The promises in this verse come at the end of a series of promises regarding God's future care for Israel. The LORD promises rain and crops; judgement on unreliable leaders; care for the flock and great boldness; the coming of Messiah; strength, salvation, restoration, compassion, answers to prayer; joy, redemption, growth; return from exile and large numbers. This final verse is really by way of summary. God's people will be given God's strength and so they will be able to live for him. They will walk in his name – that is to say, they will live in a way that honours him. That had not been happening in the past but it was going to happen in the future. In our day we have begun to see the fulfilment of Zechariah's prophecy. There is strength for all who look to the LORD and we are able to walk in his name. This is what we must do. There is no point in relying on our own strength or trying to walk in our own name. Rather we must live for him and in his strength.

Bloggy man 50

Grace Assembly 09

The programmes for the next Grace Assembly, May 19-21, are now out. Hope you can read some of the detail. (Try double clicking pics).

Never a dull moment

There certainly seem to be few dull moments here. Let me see. Last Thursday I was in the garden with Eleri and I noted how one of our two female rabbits looked larger than the other and was rather aggressive. That should have warned me. Anyway by Saturday the larger one (Minnie) had produced a litter of about five! So we've sorted out who is who (thanks to a friend who grew up on a farm - we're townies and know nothing) and Peppa's off to the vet tomorrow. Till then he's in quarantine which is a bit mean but there we are. Baby rabbit anyone?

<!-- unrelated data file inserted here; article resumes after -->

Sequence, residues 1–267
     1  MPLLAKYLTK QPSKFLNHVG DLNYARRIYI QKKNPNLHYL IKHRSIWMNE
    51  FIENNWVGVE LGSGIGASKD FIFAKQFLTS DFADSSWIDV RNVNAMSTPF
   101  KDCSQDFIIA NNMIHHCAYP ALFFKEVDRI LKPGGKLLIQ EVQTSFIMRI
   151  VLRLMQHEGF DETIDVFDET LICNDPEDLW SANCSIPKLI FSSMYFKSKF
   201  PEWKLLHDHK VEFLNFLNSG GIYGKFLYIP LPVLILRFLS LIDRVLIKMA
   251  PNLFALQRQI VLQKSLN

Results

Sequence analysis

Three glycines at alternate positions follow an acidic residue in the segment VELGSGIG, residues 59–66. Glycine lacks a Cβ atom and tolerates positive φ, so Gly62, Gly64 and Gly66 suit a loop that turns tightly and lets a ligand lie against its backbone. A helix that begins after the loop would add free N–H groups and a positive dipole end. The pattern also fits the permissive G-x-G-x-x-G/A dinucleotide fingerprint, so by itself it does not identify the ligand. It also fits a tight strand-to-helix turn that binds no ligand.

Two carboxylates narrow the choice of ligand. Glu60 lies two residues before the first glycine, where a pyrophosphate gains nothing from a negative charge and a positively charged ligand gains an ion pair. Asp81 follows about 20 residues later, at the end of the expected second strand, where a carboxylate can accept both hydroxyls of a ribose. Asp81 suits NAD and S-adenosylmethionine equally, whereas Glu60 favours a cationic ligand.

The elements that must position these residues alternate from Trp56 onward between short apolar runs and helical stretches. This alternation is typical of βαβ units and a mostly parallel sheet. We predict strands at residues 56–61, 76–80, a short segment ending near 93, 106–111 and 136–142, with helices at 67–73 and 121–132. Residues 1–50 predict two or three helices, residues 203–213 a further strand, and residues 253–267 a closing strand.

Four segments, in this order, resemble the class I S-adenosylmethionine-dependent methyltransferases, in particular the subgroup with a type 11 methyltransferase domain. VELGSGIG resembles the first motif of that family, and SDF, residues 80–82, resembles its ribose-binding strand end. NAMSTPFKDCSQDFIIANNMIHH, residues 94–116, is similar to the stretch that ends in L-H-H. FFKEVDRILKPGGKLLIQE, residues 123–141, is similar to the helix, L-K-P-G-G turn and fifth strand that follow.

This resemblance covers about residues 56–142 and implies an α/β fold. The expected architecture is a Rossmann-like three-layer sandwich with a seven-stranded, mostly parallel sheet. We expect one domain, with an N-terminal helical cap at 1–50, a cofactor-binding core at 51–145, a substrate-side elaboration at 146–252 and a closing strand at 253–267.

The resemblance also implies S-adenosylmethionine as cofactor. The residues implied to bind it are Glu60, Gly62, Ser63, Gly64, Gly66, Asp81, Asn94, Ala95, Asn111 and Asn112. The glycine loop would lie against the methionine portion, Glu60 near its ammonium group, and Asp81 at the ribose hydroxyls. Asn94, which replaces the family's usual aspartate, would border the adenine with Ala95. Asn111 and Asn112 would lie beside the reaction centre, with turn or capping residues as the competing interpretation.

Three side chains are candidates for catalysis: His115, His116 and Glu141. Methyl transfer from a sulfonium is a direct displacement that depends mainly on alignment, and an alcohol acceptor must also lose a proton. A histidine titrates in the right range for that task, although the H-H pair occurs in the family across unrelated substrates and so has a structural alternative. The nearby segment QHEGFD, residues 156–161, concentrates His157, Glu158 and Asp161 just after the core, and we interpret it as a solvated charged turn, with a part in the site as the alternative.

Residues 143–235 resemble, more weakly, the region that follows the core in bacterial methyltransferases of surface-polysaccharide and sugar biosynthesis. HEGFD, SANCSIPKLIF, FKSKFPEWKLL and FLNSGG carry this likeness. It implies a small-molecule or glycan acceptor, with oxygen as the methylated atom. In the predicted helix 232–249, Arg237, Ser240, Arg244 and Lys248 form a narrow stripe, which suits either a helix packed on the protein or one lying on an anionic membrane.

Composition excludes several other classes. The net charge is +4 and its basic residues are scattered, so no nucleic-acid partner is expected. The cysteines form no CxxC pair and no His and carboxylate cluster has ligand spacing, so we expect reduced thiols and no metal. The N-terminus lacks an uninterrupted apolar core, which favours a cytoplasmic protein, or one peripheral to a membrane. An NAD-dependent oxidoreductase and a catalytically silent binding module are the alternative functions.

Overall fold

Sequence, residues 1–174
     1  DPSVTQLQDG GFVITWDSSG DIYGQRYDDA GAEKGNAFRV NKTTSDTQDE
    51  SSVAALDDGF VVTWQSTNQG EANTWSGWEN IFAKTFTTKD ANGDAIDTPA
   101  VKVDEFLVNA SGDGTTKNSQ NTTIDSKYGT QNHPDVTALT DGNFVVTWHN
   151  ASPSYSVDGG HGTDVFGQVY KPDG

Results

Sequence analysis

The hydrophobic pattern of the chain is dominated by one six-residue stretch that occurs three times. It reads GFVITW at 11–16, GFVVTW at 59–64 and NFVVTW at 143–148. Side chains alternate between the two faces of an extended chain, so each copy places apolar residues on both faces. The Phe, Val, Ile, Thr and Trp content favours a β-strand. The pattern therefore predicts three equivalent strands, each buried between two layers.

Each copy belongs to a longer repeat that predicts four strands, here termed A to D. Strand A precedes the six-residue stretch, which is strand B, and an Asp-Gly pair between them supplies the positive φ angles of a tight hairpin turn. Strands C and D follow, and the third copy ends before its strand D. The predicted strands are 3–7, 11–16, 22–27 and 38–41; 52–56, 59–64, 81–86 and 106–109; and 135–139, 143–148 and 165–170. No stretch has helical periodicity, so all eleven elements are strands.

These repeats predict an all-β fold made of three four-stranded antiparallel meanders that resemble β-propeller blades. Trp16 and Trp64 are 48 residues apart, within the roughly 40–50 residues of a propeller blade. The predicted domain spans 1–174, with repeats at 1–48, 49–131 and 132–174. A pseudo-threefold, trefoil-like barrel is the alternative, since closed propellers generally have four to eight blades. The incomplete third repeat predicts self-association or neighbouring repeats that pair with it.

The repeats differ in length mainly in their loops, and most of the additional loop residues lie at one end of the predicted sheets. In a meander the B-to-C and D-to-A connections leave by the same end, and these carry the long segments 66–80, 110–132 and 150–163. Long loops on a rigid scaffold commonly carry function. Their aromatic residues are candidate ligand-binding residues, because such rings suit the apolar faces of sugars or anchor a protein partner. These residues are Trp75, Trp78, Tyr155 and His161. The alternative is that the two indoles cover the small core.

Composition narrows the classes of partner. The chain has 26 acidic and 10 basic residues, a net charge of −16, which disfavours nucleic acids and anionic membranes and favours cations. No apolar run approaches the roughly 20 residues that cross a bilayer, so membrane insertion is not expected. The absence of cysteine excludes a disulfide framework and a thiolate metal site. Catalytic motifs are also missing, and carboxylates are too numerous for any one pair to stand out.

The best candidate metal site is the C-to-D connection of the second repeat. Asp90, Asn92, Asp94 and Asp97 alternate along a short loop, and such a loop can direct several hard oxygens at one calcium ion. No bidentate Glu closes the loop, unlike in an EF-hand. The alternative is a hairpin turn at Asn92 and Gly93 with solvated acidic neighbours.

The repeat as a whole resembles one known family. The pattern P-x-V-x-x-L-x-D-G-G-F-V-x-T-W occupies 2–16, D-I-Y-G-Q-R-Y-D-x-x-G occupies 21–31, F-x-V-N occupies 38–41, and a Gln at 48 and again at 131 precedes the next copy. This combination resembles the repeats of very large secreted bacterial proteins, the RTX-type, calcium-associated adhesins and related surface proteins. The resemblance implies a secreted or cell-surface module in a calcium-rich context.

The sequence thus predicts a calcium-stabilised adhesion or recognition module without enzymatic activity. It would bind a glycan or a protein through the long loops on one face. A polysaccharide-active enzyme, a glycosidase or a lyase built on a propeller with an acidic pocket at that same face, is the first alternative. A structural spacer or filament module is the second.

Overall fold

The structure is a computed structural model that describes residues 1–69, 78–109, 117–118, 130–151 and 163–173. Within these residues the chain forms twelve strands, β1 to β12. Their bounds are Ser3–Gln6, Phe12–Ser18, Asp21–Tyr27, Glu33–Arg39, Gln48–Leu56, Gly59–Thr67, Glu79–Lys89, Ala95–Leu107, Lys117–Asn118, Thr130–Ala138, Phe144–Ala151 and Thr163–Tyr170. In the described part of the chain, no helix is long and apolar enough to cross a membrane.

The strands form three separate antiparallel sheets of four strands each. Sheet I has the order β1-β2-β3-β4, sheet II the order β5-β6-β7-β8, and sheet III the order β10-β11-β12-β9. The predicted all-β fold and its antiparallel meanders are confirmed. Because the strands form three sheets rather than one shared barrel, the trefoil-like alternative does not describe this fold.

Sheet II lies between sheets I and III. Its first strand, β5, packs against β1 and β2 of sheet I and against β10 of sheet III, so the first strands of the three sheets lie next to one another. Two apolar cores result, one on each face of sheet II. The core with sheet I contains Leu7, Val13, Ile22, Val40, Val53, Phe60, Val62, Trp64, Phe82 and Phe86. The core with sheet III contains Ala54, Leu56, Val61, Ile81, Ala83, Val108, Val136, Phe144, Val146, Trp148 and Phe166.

Meanwhile Eleri's finger has been swelling up making the ring on it even tighter. Anyway enough was enough this morning and so I took her (with her knitting and two newspapers) to the A & E at the Royal Free. Well, in two minutes they had this special machine in and the ring was off!
One of the benefits of the internet is to realise that you're hardly alone in these things. You also gain an education of sorts - 31 days is the gestation period for rabbits, window cleaner can be a good aid in removing a stuck ring, etc. For more info - rabbits (also), rings.

52 JC No 3

Christian freedom
The third part of Christian freedom lies in this: regarding outward things that are of themselves 'indifferent', we are not bound before God by any religious obligation preventing us from sometimes using them and at other times not doing so, as it suits us. And the knowledge of this freedom is very necessary to us, for, if it is lacking, our consciences will have no rest and there will be no end of superstitions. Today we seem to many people to be unreasonable because we stir up discussion upon the unrestricted eating of meat, use of holidays and of vestments, and such things which seem to them vain frivolities. But these matters are more important than is commonly believed. For when consciences once ensnare themselves, they enter a long and inextricable labyrinth, without an easy exit.
If a man begins to doubt whether he may use linen for sheets, shirts, handkerchiefs, and napkins, he will afterward be uncertain also about hemp; finally, doubt will even arise over tow. For he will turn over in his mind whether he can sup without napkins, or go without a handkerchief. If any man should consider daintier